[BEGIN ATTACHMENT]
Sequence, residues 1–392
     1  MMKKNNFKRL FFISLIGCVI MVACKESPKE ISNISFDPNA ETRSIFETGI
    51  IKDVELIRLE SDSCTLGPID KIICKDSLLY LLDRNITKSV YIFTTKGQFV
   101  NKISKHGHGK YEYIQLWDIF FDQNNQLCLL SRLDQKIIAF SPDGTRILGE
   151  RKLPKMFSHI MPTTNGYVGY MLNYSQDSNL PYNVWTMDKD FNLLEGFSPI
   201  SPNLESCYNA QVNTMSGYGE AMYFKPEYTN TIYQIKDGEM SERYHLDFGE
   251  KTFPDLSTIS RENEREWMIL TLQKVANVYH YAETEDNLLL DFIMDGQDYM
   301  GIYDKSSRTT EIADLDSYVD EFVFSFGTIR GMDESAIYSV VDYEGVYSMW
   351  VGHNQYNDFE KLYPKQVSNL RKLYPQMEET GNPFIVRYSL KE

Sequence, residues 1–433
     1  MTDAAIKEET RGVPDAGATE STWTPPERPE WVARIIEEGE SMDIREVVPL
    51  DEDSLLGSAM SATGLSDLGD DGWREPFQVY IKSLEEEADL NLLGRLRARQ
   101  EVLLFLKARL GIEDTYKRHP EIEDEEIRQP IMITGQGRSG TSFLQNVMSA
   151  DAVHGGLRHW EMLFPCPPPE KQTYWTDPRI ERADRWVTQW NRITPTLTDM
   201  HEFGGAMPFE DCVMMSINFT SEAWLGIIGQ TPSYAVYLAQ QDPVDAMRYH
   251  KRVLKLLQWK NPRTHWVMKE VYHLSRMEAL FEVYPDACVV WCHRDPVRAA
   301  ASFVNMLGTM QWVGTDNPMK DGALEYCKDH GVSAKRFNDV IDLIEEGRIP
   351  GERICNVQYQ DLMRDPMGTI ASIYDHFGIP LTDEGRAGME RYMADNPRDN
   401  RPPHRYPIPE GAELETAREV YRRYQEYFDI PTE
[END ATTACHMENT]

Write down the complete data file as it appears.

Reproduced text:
Sequence, residues 1–392
     1  MMKKNNFKRL FFISLIGCVI MVACKESPKE ISNISFDPNA ETRSIFETGI
    51  IKDVELIRLE SDSCTLGPID KIICKDSLLY LLDRNITKSV YIFTTKGQFV
   101  NKISKHGHGK YEYIQLWDIF FDQNNQLCLL SRLDQKIIAF SPDGTRILGE
   151  RKLPKMFSHI MPTTNGYVGY MLNYSQDSNL PYNVWTMDKD FNLLEGFSPI
   201  SPNLESCYNA QVNTMSGYGE AMYFKPEYTN TIYQIKDGEM SERYHLDFGE
   251  KTFPDLSTIS RENEREWMIL TLQKVANVYH YAETEDNLLL DFIMDGQDYM
   301  GIYDKSSRTT EIADLDSYVD EFVFSFGTIR GMDESAIYSV VDYEGVYSMW
   351  VGHNQYNDFE KLYPKQVSNL RKLYPQMEET GNPFIVRYSL KE

Sequence, residues 1–433
     1  MTDAAIKEET RGVPDAGATE STWTPPERPE WVARIIEEGE SMDIREVVPL
    51  DEDSLLGSAM SATGLSDLGD DGWREPFQVY IKSLEEEADL NLLGRLRARQ
   101  EVLLFLKARL GIEDTYKRHP EIEDEEIRQP IMITGQGRSG TSFLQNVMSA
   151  DAVHGGLRHW EMLFPCPPPE KQTYWTDPRI ERADRWVTQW NRITPTLTDM
   201  HEFGGAMPFE DCVMMSINFT SEAWLGIIGQ TPSYAVYLAQ QDPVDAMRYH
   251  KRVLKLLQWK NPRTHWVMKE VYHLSRMEAL FEVYPDACVV WCHRDPVRAA
   301  ASFVNMLGTM QWVGTDNPMK DGALEYCKDH GVSAKRFNDV IDLIEEGRIP
   351  GERICNVQYQ DLMRDPMGTI ASIYDHFGIP LTDEGRAGME RYMADNPRDN
   401  RPPHRYPIPE GAELETAREV YRRYQEYFDI PTE